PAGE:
'Gonad groping' Brits won't spot testicle cancer - doctor

March 29, 2012

Celebrity appeals for British men to fondle their testicles to detect early signs of cancer are a waste of time and possibly harmful, an opinion piece published by the British Medical Journal (BMJ) says.

Singer Robbie Williams and the Leicester Tigers rugby team are among those who have lent their names to a campaign for men to be "testicle aware," just as women are encouraged to look for dangerous lumps in their breasts.

But in a personal view published in Thursday's , Doctor Keith Hopcroft, a in the southeastern county of Essex, lashes the invitation for a man to "grope his gonads or caress his crown jewels" as "well-meaning whimsy, with the potential to do harm."

"There is no good evidence that routine testicular self-examination is of any benefit," he writes.

"The chances of discovering something significant from routine self-examination of the testicles are minuscule. At least 50,000 men would need to examine themselves for 10 years to prevent one death."

Hopcroft says the "testicle aware" campaign is based on the notion that this form of cancer is a , with no symptoms of pain.

The campaigners argue men should look for painless swelling that, they say, is a possible sign of cancer.

But, argues Hopcroft, at least half of patients with usually experience pain.

The real question is teaching men to be aware of this symptom and act on it swiftly, rather than "turning the nation's blokes into ball-watching neurotics," he says

Self-examination may turn up benign swellings such as epididymal cysts that are harmless but may cause the man crippling anxiety, he adds.

Explore further: New genetic region responsible for testicle development found

Related Stories

New genetic region responsible for testicle development found

September 26, 2011
New research presented today at the European Society for Paediatric Endocrinology meeting has found a genetic region, which may control testicle development in the foetus.

Recommended for you

No dye: Cancer patients' gray hair darkened on immune drugs

July 21, 2017
Cancer patients' gray hair unexpectedly turned youthfully dark while taking novel drugs, and it has doctors scratching their heads.

Shooting the achilles heel of nervous system cancers

July 20, 2017
Virtually all cancer treatments used today also damage normal cells, causing the toxic side effects associated with cancer treatment. A cooperative research team led by researchers at Dartmouth's Norris Cotton Cancer Center ...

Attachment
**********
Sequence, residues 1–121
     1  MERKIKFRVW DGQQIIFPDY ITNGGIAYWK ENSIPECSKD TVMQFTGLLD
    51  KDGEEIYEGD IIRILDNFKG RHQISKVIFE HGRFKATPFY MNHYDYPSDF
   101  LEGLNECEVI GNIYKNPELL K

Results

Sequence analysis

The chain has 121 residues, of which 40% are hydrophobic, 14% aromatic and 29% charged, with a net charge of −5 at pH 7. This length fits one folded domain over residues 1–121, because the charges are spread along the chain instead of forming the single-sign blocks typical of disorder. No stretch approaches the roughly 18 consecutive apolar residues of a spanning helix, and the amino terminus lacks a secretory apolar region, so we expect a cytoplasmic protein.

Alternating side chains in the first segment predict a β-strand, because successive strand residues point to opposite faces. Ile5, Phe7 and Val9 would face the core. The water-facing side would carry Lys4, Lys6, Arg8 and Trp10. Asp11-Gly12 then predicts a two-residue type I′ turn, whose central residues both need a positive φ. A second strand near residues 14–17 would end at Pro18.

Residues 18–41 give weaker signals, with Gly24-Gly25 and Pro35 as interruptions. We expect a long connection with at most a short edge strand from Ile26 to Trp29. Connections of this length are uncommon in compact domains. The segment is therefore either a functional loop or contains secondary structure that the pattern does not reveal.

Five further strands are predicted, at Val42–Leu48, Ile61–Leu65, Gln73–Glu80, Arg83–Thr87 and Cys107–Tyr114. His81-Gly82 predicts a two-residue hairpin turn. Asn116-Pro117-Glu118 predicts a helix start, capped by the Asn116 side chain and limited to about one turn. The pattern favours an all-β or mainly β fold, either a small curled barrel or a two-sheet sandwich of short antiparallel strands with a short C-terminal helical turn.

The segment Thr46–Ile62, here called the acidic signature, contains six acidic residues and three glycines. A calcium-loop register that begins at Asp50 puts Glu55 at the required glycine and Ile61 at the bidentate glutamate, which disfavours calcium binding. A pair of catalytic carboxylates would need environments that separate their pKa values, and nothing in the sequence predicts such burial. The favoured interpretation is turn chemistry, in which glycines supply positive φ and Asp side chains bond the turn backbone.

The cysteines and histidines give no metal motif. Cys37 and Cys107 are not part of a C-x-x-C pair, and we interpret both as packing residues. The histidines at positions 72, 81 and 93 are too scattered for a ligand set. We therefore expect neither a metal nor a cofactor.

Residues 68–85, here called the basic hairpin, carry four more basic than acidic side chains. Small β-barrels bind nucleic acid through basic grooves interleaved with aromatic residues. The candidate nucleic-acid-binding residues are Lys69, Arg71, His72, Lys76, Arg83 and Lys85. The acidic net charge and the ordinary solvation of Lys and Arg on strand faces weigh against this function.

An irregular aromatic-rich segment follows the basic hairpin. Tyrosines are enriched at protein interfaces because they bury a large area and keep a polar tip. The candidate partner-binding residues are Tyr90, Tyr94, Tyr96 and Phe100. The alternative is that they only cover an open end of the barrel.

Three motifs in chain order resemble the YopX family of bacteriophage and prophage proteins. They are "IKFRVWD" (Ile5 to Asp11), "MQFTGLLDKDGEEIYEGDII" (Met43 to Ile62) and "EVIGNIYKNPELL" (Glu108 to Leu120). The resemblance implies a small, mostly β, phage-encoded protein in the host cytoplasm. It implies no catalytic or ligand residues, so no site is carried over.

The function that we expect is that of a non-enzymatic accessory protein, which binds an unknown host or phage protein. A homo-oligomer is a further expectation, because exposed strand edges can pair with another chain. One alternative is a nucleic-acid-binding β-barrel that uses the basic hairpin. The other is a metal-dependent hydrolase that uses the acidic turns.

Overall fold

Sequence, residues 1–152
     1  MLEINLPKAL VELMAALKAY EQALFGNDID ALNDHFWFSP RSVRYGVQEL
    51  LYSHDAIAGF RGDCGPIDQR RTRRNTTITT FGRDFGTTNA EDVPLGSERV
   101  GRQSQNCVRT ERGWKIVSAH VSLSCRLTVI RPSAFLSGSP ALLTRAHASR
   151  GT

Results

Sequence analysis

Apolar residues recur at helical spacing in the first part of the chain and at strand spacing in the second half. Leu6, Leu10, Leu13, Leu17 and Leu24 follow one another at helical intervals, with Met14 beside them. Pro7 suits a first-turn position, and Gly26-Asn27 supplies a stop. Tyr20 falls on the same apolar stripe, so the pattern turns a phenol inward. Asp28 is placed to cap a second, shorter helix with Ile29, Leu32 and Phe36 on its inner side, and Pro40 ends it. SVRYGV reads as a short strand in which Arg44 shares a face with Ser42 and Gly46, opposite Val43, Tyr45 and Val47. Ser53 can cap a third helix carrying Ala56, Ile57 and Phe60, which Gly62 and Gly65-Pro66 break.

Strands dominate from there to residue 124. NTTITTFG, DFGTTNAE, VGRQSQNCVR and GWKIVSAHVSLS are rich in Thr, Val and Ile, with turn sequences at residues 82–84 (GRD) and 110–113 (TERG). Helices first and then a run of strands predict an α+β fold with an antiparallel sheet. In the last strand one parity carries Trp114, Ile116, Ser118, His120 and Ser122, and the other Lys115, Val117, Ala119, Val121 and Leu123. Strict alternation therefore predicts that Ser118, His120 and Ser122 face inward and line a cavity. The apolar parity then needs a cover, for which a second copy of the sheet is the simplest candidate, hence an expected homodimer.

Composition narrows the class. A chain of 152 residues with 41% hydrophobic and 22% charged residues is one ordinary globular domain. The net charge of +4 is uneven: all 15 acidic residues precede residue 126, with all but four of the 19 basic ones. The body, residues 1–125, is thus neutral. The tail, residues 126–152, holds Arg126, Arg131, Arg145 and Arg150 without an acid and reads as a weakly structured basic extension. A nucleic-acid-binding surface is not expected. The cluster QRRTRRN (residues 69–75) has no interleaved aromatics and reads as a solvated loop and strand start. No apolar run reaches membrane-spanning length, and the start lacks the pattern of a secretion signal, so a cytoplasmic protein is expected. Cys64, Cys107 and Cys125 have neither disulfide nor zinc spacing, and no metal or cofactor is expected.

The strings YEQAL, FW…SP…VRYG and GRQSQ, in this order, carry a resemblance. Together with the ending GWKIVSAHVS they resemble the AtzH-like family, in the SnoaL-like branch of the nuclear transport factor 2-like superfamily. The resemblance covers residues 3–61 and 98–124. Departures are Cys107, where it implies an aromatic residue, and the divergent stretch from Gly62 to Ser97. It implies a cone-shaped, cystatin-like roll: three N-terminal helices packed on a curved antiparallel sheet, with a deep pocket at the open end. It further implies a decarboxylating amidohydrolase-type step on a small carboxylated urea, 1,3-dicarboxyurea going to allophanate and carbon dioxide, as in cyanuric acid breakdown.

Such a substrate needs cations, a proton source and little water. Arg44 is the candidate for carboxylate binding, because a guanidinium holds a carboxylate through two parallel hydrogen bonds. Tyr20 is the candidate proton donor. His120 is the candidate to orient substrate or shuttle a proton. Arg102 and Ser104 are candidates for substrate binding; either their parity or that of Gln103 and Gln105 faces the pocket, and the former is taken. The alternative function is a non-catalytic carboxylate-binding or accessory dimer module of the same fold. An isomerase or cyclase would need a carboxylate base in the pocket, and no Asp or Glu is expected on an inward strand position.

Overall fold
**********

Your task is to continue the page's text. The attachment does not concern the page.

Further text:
Molecular changes with age in normal breast tissue are linked to cancer-related changes

July 20, 2017
Several known factors are associated with a higher risk of breast cancer including increasing age, being overweight after menopause, alcohol intake, and family history. However, the underlying biologic mechanisms through ...

Immune-cell numbers predict response to combination immunotherapy in melanoma

July 20, 2017
Whether a melanoma patient will better respond to a single immunotherapy drug or two in combination depends on the abundance of certain white blood cells within their tumors, according to a new study conducted by UC San Francisco ...

Discovery could lead to better results for patients undergoing radiation

July 19, 2017
More than half of cancer patients undergo radiotherapy, in which high doses of radiation are aimed at diseased tissue to kill cancer cells. But due to a phenomenon known as radiation-induced bystander effect (RIBE), in which ...

Definitive genomic study reveals alterations driving most medulloblastoma brain tumors

July 19, 2017
The most comprehensive analysis yet of medulloblastoma has identified genomic changes responsible for more than 75 percent of the brain tumors, including two new suspected cancer genes that were found exclusively in the least ...

1 comment

Adjust slider to filter visible comments by rank

Display comments: newest first

gmurphy
not rated yet Mar 29, 2012
'ball-watching neurotics', they do take soccer seriously over there :)

Please sign in to add a comment. Registration is free, and takes less than a minute. Read more

Click here to reset your password.
Sign in to get notified via email when new comments are made.